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Planners vote to toughen wind farm ordinance 

Credit:  Mark Howe, Times-Union Staff Writer | 10/4/2018 | timesuniononline.com ~~

Kosciusko County’s Area Plan Commission voted Wednesday to recommend to the county commissioners a series of amendments to the ordinance regarding wind power. If adopted by the commission, the revised ordinances will make it much more difficult to establish a wind farm in the county.

Among the changes, amendments would limit construction of turbines on land zoned Industrial III; increase the setbacks from property lines; regulate the height, noise level, vibration, shadow flicker and glare from night lights of towers; and require bond amounts for site abandonment and the decommissioning of tower sites.

The board also seeks to establish provisions to protect roads from heavy-truck traffic related to construction areas; tighten fire prevention and emergency response plans; and require the submission of maintenance logs to the county’s planning office.

Changes to the county’s solar farm ordinance were also approved.

The moves came after Lynn Studebaker spoke to the APC in August, encouraging the board to recommend either to ban or regulate industrial wind turbines. She cited declining property values, quality of life, environmental and remediation issues during her presentation.

Dan Richard, area plan director, said that despite advertising the changes to the ordinance, no one came forward to oppose the revisions.

The amended ordinances will be considered for action by the county commissioners on Oct. 16. They can opt to approve, further amend or reject the changes.

Other items on the agenda included the approval of a preliminary plat for a subdivision on the east side of Washington Street, east of First Street in Pierceton.

Developers Dana and Kathy Cone plan a residential development on the 6.35-acre plot. The couple has been working with Pierceton officials concerning utilities, road specifications and drainage.

Richard told the commission the plan would replace a plat dating back to 1869 and would vacate lots and roads. A drainage easement on the south side of the subdivision will need to be moved. The plat was approved pending the planning office being notified where the easement was moved, and an engineer approving stormwater runoff and erosion control plans.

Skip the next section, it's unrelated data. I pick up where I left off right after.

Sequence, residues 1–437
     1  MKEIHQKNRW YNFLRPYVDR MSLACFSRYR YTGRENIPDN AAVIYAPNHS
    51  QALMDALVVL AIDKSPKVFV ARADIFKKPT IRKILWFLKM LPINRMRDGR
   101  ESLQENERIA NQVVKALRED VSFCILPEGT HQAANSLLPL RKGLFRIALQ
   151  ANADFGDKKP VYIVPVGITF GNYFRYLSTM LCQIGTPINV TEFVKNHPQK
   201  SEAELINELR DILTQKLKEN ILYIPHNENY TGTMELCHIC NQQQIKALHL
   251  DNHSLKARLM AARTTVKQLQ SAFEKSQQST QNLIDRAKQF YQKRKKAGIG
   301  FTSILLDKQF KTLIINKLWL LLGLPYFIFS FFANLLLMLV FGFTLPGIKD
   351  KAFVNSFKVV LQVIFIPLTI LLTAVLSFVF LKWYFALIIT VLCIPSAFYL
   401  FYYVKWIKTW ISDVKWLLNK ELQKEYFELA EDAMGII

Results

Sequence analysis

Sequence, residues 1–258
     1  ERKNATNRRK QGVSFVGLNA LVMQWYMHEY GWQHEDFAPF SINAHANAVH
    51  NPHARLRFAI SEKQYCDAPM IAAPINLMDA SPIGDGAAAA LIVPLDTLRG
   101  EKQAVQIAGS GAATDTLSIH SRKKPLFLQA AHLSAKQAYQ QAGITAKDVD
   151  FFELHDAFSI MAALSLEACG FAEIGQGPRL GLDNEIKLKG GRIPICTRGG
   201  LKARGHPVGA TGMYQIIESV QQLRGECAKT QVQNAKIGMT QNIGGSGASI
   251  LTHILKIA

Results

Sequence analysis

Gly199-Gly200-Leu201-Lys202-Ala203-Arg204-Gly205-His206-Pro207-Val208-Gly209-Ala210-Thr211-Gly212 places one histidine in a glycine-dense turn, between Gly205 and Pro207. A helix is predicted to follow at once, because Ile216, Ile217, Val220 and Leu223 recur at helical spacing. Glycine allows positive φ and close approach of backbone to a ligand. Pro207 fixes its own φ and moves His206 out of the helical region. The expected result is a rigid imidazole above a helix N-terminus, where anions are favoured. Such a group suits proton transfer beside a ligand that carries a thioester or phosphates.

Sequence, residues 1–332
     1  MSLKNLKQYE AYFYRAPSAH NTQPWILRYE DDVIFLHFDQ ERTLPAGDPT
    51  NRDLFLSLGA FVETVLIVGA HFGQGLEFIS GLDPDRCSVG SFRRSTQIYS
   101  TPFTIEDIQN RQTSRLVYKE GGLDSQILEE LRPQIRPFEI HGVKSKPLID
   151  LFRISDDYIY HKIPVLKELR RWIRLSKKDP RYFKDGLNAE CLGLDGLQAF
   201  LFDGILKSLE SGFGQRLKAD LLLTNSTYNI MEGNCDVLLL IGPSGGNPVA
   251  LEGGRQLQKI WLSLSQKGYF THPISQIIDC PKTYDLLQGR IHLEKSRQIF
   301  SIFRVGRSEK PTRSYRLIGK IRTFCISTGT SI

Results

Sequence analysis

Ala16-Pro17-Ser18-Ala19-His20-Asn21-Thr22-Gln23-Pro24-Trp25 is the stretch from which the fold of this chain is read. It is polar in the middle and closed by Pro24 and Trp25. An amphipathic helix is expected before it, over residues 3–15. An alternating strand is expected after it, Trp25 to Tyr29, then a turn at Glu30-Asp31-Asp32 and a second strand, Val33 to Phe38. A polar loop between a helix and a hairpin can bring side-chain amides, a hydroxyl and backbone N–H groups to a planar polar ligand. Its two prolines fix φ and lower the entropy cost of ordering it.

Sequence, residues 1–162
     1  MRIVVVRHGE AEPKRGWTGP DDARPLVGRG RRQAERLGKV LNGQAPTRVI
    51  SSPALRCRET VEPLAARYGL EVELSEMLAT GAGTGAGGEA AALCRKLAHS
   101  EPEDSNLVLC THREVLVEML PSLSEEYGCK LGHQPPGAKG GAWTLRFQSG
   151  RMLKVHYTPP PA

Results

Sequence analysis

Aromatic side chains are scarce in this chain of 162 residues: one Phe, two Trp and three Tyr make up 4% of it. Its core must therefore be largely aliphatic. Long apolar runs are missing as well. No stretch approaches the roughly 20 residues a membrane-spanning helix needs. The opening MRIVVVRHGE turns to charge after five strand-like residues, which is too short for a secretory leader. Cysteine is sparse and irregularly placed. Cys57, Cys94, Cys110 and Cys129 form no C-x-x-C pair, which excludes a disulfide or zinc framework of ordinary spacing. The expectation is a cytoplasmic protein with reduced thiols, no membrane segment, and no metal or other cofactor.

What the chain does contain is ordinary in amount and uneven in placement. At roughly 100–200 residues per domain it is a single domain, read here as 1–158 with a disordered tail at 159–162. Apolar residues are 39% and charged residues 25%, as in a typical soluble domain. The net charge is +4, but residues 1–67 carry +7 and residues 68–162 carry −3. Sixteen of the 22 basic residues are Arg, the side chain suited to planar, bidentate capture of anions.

After rezoning by the Board of Zoning Appeals, the APC put multiple conditions on approving a plat of land on Tippecanoe Lake for the creation of a subdivision there. The land is at the north end of Second Street in Oswego.

Among the conditions are a formal review of the drainage plan, approval of seawall construction plans and county approval of road specifications.

The commission voted to recommend approval to replat three lots at Shadow Lake Estates. The lots are along Superior Avenue, just off of Old U.S.?30 east of Warsaw.

Developer Steve Savage said the replat, which reduces the utility easement from 20 feet to 10, will allow homeowners more space in their backyards. Richard made it clear that because the replatting creates an encroachment with some utilities, if crews needed to come in to make repairs or upgrades, neither the utilities nor the county would be responsible for restoring anything that was displaced.

In other business the APC recommended approval for:

• A preliminary plat for Charles and Rose Cotton to build a second home on their property on CR 700S.

• Final plat approval for a single-home subdivision on Natti Crow Road.

• A final plat approval to create two lots at 1276 S. Ind. 25 near Warsaw.

• The vacation of a small plot of land where Kern Road once was in Syracuse. The road’s intersection with Syracuse-Milford Road (CR 1300N) was moved during construction of Syracuse Elementary School to improve sightlines. The land where the road used to run was vacated to Wawasee Community Schools.

Source:  Mark Howe, Times-Union Staff Writer | 10/4/2018 | timesuniononline.com

This article is the work of the source indicated. Any opinions expressed in it are not necessarily those of National Wind Watch.

The copyright of this article resides with the author or publisher indicated. As part of its noncommercial educational effort to present the environmental, social, scientific, and economic issues of large-scale wind power development to a global audience seeking such information, National Wind Watch endeavors to observe “fair use” as provided for in section 107 of U.S. Copyright Law and similar “fair dealing” provisions of the copyright laws of other nations. Send requests to excerpt, general inquiries, and comments via e-mail.

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